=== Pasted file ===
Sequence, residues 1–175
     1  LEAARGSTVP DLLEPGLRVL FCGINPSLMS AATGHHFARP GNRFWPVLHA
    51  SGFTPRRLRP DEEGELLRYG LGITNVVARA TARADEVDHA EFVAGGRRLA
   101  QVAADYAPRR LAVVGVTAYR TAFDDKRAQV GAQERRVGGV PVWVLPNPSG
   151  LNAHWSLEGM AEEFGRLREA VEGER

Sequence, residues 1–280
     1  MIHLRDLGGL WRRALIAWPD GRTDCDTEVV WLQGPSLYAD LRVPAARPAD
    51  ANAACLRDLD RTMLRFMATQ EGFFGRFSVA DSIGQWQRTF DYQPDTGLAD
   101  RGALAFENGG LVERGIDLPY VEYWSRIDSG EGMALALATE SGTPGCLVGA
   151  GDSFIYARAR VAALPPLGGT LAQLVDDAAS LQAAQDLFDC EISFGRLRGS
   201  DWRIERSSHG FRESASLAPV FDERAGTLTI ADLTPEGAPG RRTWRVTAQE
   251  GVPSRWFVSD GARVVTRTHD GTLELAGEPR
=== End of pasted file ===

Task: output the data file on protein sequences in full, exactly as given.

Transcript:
Sequence, residues 1–175
     1  LEAARGSTVP DLLEPGLRVL FCGINPSLMS AATGHHFARP GNRFWPVLHA
    51  SGFTPRRLRP DEEGELLRYG LGITNVVARA TARADEVDHA EFVAGGRRLA
   101  QVAADYAPRR LAVVGVTAYR TAFDDKRAQV GAQERRVGGV PVWVLPNPSG
   151  LNAHWSLEGM AEEFGRLREA VEGER

Sequence, residues 1–280
     1  MIHLRDLGGL WRRALIAWPD GRTDCDTEVV WLQGPSLYAD LRVPAARPAD
    51  ANAACLRDLD RTMLRFMATQ EGFFGRFSVA DSIGQWQRTF DYQPDTGLAD
   101  RGALAFENGG LVERGIDLPY VEYWSRIDSG EGMALALATE SGTPGCLVGA
   151  GDSFIYARAR VAALPPLGGT LAQLVDDAAS LQAAQDLFDC EISFGRLRGS
   201  DWRIERSSHG FRESASLAPV FDERAGTLTI ADLTPEGAPG RRTWRVTAQE
   251  GVPSRWFVSD GARVVTRTHD GTLELAGEPR